Things to Do in Fort Wayne and Beyond

Jackie Fly / room 36

Jason Hoffman

Whatzup Features Writer

Published January 24, 2002

Heads Up! This article is 20 years old.

i’m not really sure what they’re eating down there in texas — it could be the grilled armadillo, the famous sheetcake, or cookies smaller than your head, but larger than your prostate, but the first official recording of the new jackie fly lineup sounds pretty dad-blurned good! recorded as a demo e.p. in their luxurious rehearsal space, room 36 shows some sonic limitations.

when i don my magic headphones i had hear some digital crackling and a bit of unwanted distortion in some tracks. that said there’s still a hefty amount of production extras to sustain multiple listens through the five tracks. as usual, the production extras augment the strong, melodic material from tad daigle and chad beck instead of trying to cover up a weakness in this area with tricks and effects. the biggest change to the jackie fly sound is the addition of brothers john and joel elkins on bass and drums, respectively.

jackie fly has always been a tight band but these two play like they’re attached by an umbilical cord and weave a solid groove. there’s a bit more of a pop sensibility to the songs and a little less goofiness, but for the most part it’s still the jackie fly you know and love.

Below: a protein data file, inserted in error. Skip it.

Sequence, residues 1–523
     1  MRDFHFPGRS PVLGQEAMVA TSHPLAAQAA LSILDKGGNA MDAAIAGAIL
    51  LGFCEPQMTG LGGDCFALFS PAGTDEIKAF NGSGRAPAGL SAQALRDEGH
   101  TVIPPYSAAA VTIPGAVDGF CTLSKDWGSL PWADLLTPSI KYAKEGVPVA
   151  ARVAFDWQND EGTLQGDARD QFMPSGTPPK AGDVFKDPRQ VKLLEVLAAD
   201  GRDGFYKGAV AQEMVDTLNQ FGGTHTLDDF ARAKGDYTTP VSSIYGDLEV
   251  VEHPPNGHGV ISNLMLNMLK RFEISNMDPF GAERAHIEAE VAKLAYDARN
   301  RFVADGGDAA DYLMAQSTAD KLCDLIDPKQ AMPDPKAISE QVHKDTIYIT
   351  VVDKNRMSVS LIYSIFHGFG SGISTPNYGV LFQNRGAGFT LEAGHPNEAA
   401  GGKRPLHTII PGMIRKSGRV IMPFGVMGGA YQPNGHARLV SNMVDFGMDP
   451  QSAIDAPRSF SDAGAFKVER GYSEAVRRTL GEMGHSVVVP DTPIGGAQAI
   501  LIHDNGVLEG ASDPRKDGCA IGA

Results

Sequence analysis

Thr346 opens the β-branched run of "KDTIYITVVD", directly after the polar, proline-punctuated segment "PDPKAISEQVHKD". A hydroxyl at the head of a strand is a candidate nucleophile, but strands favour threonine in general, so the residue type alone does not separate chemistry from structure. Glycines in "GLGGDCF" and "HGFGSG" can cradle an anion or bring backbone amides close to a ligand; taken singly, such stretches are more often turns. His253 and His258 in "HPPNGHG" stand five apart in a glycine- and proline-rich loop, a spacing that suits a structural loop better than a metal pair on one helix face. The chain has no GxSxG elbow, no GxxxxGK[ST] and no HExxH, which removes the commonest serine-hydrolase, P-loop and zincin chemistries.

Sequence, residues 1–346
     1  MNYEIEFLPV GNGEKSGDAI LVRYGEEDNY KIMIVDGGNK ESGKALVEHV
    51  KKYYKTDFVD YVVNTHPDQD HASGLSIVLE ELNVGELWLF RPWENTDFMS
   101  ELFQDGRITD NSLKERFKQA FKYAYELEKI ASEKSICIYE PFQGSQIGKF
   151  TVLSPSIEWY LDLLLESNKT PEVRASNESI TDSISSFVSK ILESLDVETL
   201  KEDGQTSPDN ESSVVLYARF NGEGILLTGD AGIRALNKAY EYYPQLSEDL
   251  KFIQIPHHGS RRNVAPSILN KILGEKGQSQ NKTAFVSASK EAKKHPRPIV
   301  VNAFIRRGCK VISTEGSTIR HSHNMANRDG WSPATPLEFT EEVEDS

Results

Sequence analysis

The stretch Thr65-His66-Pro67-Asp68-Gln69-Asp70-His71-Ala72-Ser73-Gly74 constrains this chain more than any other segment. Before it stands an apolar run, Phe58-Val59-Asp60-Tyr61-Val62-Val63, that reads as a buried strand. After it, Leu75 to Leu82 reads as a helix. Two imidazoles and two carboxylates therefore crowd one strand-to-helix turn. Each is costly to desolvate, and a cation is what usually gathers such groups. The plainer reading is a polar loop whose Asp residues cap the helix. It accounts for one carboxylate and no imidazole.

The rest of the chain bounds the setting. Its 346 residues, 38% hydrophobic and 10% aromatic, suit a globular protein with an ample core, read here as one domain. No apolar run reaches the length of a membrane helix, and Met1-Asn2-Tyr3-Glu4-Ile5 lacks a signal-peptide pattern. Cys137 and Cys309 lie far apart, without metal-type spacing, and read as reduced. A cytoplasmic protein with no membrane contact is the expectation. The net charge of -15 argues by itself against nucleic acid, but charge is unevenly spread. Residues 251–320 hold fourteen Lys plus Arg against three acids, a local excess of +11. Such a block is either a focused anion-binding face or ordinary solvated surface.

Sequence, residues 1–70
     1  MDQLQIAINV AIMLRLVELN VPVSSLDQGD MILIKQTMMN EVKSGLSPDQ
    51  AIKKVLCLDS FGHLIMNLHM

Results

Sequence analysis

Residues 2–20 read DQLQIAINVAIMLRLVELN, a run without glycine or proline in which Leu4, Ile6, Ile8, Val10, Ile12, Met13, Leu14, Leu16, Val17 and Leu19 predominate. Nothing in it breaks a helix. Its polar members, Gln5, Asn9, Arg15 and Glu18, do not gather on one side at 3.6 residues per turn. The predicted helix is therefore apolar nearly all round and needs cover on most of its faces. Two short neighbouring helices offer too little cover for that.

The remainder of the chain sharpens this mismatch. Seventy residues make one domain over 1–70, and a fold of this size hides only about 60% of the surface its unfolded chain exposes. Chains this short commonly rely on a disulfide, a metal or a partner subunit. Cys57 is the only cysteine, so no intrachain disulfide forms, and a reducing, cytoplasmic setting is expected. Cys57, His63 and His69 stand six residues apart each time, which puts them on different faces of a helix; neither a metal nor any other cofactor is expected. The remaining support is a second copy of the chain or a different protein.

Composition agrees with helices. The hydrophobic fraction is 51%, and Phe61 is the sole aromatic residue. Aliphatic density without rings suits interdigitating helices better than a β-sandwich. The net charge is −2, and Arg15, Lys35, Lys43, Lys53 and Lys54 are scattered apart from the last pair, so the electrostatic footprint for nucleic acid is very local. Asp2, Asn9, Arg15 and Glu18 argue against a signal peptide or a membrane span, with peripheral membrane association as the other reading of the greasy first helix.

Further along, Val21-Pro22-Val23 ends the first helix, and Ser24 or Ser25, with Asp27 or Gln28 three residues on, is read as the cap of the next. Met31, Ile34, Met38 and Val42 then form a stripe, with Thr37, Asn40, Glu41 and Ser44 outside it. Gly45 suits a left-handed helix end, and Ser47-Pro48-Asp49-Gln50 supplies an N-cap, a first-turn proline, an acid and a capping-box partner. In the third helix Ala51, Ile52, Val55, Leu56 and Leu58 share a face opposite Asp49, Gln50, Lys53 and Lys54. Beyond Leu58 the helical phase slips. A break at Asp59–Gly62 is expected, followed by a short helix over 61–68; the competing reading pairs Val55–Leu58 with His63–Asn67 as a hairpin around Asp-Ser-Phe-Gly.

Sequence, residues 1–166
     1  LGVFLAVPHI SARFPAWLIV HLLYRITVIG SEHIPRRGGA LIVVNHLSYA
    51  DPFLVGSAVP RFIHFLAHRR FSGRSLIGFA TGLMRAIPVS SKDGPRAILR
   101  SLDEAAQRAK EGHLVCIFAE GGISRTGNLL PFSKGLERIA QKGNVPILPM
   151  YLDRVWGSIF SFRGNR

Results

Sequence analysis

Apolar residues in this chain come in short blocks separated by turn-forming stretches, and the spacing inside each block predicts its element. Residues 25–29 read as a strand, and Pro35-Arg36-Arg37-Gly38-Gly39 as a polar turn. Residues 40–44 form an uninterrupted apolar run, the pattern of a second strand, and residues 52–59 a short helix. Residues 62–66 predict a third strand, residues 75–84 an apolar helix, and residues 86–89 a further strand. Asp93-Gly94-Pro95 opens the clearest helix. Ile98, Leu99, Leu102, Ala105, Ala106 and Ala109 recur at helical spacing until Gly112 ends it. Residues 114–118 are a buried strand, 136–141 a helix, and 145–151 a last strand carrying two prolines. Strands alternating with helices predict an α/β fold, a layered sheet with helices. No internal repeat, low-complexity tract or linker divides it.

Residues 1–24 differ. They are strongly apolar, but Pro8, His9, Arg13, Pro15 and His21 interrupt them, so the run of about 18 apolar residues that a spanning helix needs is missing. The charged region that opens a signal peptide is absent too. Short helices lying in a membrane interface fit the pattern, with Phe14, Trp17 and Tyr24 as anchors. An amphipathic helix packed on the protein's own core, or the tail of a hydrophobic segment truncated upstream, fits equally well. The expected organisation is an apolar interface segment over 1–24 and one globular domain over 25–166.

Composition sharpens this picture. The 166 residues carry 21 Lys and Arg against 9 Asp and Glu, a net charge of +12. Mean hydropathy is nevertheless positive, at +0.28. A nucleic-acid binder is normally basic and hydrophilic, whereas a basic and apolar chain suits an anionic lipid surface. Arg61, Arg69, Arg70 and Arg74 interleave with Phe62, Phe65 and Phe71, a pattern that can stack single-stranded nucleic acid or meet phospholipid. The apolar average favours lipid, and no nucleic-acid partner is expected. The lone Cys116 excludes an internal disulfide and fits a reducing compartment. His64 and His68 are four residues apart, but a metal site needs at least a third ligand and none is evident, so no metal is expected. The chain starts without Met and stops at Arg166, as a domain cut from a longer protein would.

the first track, “stop the loop,” is a mid-tempo swaggering pop-rock ditty that incorporates early beatles harmonies and some great guitar tones. in a complete about-face, the listener is swept up into the swirling cacophony of “365,” a daigle special. in the midst of this irresistible, body-moving tempest is the eye of the storm where a sensational guitar solo tricks the

listener into complacency before throwing them back into the madness. with “radio on.” jackie fly capitalizes on a well-used formula of mentioning the radio in the song lyrics in a desperate attempt to get airplay. but I kid the fly — this song is loaded with instant pop appeal and an ultra-melodic chorus that in a just world would be all over the radio. “do it again” might as well be an ode to pete jacobs (a great, meandering bass line) that fulfills the jackie fly requisite for havings lots of gutsy, syncopated guitar that refuses to let you stand still. the closing song, “around,” methinks appeared on the first senator dillwilly demo tape. an extended daigle guitar solo section rounds out this updated version of a long-time concert favorite.

with room 36 jackie fly continues to mature as songwriters, crafting songs that are both original and appealing examples of pop-rock. you can download the entire album from, or you can buy an official pressed copy from the band when they make a visit to the area for two shows on march 29 and 30.

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